Fiordland’s weather is what gives the region its unique character. Rainfall is what makes Fiordland a land of lakes, rivers, streams, waterfalls and fiords. Visitors should always be prepared to enjoy some rainfall during their stay. It is recommended to bring sensible clothing for cool and wet weather to fully appreciate your stay.
The temperatures you can expect in the different seasons are as follows:
Many say you have not seen Fiordland unless you have seen it in the rain. When it rains in Fiordland the landscape is dramatic - rock faces stream with waterfalls, mist hangs around the tops of the mountains and rivers and streams rage. From a dry comfortable vantage point on the bus or boat, this landscape is spectacular for sightseeing.
Milford Sound at the mountainous north end of Fiordland National Park is the classic fiord - a deep water inlet between steep sided high mountains. Milford Sound is a middle-sized fiord at around 13 kms in length and it is famous for its dramatic scenery, especially Mitre Peak. This fiord is the most accessible of Fiordland National Park’s 14 fiords and it can be reached by bus, car or flight connections from Queenstown.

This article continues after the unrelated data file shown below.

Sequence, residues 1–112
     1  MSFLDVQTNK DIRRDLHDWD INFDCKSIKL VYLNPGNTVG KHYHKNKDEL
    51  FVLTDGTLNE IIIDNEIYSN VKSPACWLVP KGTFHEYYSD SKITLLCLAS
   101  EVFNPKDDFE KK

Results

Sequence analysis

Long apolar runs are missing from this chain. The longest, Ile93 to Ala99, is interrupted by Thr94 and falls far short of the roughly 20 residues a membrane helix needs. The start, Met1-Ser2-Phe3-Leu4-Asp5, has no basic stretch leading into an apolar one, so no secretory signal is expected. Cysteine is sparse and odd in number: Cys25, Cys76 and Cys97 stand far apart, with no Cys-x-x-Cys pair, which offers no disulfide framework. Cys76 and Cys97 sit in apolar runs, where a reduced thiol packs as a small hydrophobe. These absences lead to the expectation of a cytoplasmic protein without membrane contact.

Doubtful Sound is located in the heart of Fiordland National Park where the mountains are still very impressive but not as high as Milford Sound. Doubtful Sound is three times longer and has a sea surface area roughly ten times larger than Milford Sound. Its three arms are Hall, Crooked and First Arm. It is famous for its wilderness scenery and wildlife sightings. To get to Doubtful Sound visitors first take a launch trip across Lake Manapouri and drive over Wilmot Pass.
Visitors with enough time choose to visit both fiords as they have different characters.
While we cannot guarantee you will see wildlife, sightings of fur seals are reasonably common in both Doubtful and Milford Sounds. A pod of bottlenose dolphins resides in Doubtful Sound so you have a good chance of seeing these fascinating mammals, and in Milford Sound dolphins are occasional visitors. In both sounds the rare Fiordland crested penguin can at times be observed.
Driving conditions during winter (May to September) can be difficult. Extreme care is needed as freezing temperatures mean the road can ice over in shaded places. During the winter it is mandatory to carry snow chains in your vehicle as the road can sometimes be covered in snow. These are available for hire from petrol stations in Te Anau and Queenstown.
If you are not confident about driving in winter conditions then take a Real Journeys coach to Milford Sound and relax and take in the stunning scenery.
Your travel agent or the outlet where you purchased your Milford Sound trip will refund the flight component of your ticket. You will return to Queenstown by coach.
Throughout Fiordland the fiords are officially mapped as sounds. Strictly speaking, they should be called fiords.
A fiord is a glaciated valley - typically narrow and steep-sided - that has been flooded by the sea after the glacier’s retreat. A sound, on the other hand, is a river valley flooded by the sea following a rise in sea levels or depression of the land, or a combination of both.